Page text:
figure: Fig. 1

Fig. 1 The schematic configuration of the present digital optical sensor based on cascaded rings; (a) the top view; (b) the 3D view [in order to see the structure clearly, we separate the cladding from the substrate only for the view].

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The whole structure is covered by using an up-cladding except the region of ring #2, where the up-cladding is removed to form a sample reservoir. When the refractive index of the sample in the reservoir changes, the resonant wavelength of ring #2 changes accordingly, i.e., Δλ 2 = λ 2n eff/n eff), where n eff is the effective index of the fundamental modes in ring #2, Δn eff is the change of the effective index n eff, Δλ 2 is the shift of the resonant wavelength λ 2 correspondingly. Because ring #1 is covered by the up-cladding, the resonant wavelengths are unchanged.

In order to describe the principle of the present digital optical sensor, we show the frequency responses of ring #1 and ring #2 in Fig. 2(a) and 2(b), respectively. Both ring #1 and ring #2 have a series of resonant wavelengths λ1( i ) and λ2( j ). When the i-th resonance wavelength λ1( i ) of ring #1 is coincided with the j-th resonance wavelength λ2( i ) of ring #2, one has a common resonance wavelength λc( i ) as shown in Fig. 2(c). At these common resonance wavelengths λc( i ), one has a major peak which has a maximal amplitude. And the separation between the adjacent common resonance wavelengths is determined by the difference between the FSRs of ring #1 and ring #2.

 figure: Fig. 2

Fig. 2 The schematic spectral responses for the cascaded-rings.

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When the refractive index of the sample changes slightly (∆n>0), the resonant wavelength of ring #2 shifts and the resonant wavelengths λ1( i ) and λ2( j ) become separated while the adjacent resonance wavelengths λ1( i +1) and λ2( j +1) become close. Therefore, the amplitude of the major peak at around λ = λ1( i ) decreases while the amplitude of the adjacent minor peak at around λ1( i +1) = λ1( i ) + ∆λFSR1 increases. The maximal peak of the output response still locates at the position of λ = λ1( i ) when the index-change ∆n eff<∆n eff0/2, where

Δneff0=neff(ΔλFSR1ΔλFSR2)/λ1(i).

When the refractive index of the sample increases further, i.e., ∆n eff>∆n eff0/2, the major peak moves to the position of λ = λ1( i +1). When the change of the effective index ∆n eff = ∆n eff0, the adjacent resonant wavelengths λ1( i +1) and λ2( j +1) become coincided and the common resonant wavelength jumps to the wavelength λ1( i +1). Consequently the amplitude of the major peak is close to 1, as shown by the dotted curve in Fig. 2(c). When the refractive index of the sample increases further, the major peak will jump to the next resonant wavelength of ring #1. Therefore, as the refractive index increases, the wavelength λmax corresponding to the major peak shifts discretely (or digitally). In such a digital way, the shift of the wavelength λmax is equal to multiple FSRs of ring #1, i.e., ∆λmax = i∆λFSR1, as the refractive index increases.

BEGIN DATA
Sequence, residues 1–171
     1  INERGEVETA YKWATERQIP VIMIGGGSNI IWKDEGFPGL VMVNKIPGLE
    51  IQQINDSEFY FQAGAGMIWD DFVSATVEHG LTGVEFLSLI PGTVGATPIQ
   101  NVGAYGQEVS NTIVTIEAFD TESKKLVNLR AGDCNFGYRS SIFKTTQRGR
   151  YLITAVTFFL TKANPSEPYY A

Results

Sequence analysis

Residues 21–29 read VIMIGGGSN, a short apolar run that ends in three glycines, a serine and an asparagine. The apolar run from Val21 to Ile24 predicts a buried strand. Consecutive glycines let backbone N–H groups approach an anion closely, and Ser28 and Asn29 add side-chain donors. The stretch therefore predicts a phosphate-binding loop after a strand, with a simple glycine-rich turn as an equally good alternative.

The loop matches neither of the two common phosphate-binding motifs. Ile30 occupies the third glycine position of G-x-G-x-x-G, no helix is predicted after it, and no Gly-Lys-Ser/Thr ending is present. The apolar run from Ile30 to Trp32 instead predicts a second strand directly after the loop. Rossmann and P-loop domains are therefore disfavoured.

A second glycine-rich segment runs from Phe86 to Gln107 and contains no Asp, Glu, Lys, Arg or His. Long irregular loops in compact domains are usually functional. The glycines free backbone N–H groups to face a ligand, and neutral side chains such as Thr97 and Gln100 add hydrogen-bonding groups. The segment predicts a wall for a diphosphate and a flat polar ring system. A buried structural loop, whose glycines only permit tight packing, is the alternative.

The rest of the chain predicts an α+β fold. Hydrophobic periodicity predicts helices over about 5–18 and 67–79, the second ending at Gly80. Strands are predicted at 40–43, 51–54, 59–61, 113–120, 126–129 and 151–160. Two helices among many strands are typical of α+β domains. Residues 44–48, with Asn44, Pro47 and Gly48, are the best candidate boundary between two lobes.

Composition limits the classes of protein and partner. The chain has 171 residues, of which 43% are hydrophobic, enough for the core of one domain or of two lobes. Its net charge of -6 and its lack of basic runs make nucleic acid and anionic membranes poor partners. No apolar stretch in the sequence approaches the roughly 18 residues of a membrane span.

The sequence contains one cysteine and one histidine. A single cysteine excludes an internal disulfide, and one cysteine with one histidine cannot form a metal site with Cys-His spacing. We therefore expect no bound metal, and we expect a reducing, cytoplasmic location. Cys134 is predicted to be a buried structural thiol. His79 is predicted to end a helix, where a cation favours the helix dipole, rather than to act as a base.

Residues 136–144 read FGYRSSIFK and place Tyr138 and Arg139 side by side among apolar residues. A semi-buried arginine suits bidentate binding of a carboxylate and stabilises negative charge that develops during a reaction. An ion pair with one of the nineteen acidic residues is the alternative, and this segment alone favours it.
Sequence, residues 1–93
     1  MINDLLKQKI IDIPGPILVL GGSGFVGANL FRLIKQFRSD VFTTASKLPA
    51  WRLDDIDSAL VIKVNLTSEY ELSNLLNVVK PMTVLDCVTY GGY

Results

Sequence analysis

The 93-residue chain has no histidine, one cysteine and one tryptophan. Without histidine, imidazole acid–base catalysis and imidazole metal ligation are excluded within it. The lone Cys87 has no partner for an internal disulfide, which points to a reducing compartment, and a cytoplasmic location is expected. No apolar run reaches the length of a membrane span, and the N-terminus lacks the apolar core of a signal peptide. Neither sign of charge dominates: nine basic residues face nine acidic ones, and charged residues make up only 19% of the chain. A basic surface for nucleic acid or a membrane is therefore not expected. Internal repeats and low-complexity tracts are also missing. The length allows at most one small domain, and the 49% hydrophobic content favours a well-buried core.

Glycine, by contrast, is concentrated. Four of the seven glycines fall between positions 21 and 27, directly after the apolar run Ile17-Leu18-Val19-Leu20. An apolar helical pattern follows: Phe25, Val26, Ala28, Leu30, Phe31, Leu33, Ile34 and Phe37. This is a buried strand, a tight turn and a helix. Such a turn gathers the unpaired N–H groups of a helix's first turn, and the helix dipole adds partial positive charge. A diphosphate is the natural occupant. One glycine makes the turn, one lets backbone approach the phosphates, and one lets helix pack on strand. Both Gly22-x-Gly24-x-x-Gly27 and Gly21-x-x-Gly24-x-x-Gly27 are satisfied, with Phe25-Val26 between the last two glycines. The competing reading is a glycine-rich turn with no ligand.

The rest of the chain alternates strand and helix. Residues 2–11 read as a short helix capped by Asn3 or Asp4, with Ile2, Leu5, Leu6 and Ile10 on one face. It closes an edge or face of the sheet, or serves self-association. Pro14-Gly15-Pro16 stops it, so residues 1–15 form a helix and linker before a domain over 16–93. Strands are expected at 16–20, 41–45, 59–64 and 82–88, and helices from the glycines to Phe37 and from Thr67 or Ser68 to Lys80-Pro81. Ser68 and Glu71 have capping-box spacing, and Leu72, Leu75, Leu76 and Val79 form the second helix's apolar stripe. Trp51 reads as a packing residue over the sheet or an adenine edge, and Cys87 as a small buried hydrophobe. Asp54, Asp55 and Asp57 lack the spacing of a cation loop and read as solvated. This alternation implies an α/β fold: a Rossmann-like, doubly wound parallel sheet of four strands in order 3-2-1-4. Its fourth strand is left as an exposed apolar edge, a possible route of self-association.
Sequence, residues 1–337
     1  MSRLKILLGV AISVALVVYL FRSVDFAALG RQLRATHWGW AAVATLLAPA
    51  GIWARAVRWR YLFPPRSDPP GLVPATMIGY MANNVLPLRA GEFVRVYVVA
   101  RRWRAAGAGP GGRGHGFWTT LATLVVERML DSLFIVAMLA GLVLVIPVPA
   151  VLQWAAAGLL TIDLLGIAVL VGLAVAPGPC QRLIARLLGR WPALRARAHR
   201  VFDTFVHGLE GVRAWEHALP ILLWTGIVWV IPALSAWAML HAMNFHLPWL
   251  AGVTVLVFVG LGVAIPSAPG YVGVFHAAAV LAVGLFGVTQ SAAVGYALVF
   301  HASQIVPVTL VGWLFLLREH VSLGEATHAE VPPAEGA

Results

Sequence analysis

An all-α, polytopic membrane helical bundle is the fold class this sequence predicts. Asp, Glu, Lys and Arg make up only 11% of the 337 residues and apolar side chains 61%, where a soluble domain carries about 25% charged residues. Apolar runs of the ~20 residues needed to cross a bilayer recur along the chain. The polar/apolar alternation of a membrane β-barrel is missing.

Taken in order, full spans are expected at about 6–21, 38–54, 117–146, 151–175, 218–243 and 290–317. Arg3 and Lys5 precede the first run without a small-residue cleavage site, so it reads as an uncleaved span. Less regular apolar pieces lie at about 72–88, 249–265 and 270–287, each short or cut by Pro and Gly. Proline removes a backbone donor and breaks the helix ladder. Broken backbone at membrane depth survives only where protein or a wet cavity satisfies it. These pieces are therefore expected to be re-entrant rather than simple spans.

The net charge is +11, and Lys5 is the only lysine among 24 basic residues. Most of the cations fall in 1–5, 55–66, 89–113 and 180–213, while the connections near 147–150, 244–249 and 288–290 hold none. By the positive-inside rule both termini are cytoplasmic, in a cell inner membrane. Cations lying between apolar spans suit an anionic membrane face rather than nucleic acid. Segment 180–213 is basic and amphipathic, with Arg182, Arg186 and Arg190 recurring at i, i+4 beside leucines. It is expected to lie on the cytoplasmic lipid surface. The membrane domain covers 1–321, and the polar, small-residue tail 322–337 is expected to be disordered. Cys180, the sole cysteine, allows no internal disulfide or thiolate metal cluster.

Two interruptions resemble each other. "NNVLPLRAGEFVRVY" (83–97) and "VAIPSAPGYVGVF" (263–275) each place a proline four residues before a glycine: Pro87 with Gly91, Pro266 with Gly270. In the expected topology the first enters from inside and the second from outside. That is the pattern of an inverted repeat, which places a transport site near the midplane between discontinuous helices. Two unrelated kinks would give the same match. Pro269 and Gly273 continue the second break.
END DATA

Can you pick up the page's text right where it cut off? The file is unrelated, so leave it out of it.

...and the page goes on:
In this way, the optical sensor has an ultra-high sensitivity S which is given by

S=ΔλFSR1/Δneff0=(λ1(i)/neff)[ΔλFSR1/(ΔλFSR1ΔλFSR2)]=S0M.
where M≡∆λFSR1/(∆λFSR1–∆λFSR2) and S 0≡∆λ/∆n eff = λ1( i )/n eff (here S 0 is actually the sensitivity of a single ring). From this equation, one sees the sensitivity of the present optical sensor based on cascaded-rings is M times higher than that of a single-ring sensor. And the detect limit (i.e., the minimal measurable index-change) of the present optical sensor is ∆n eff0 given by Eq. (1). When a higher detect limit is desired, one should choose a small difference ∆λFSR1–∆λFSR2 between the FSRs of the two rings. The difference ∆λFSR1–∆λFSR2 also determines the FSR of the cascaded-ring by
ΔλFSR=(M1)ΔλFSR1.
The measurement range of the present sensor is then given by ∆n max = ∆λFSR/S.

Furthermore, the FSR-difference ∆λFSR1–∆λFSR2 should be also chosen appropriately according to the resonance linewidth (i.e., the Q-value). Otherwise, there may be no measurable output signal for some refractive index values when the resonance peaks of these two rings do not overlap. For this sake, the FSR-difference ∆λFSR1–∆λFSR2 should be small enough. For example, when one chooses ∆λFSR1–∆λFSR2 = ∆λ3dB (here ∆λ3dB is the 3dB bandwidth of a single ring), the major peak will range from ~0.5 to 1.0 as the refractive index-changes. Consequently, one could always have a measurable output signal. It is possible have a stronger signal (with a peak larger than 0.5) by choosing a smaller FSR-difference (i.e., ∆λFSR1–∆λFSR2<∆λ3dB) if necessary. When concerning the fabrication, it is important to control the dimensions (the core width, and the radius) of the cascaded rings in order to have a suitable FSR-difference ∆λFSR1–∆λFSR2 (which should be close to ∆λ3dB as discussed above).

3. Design and result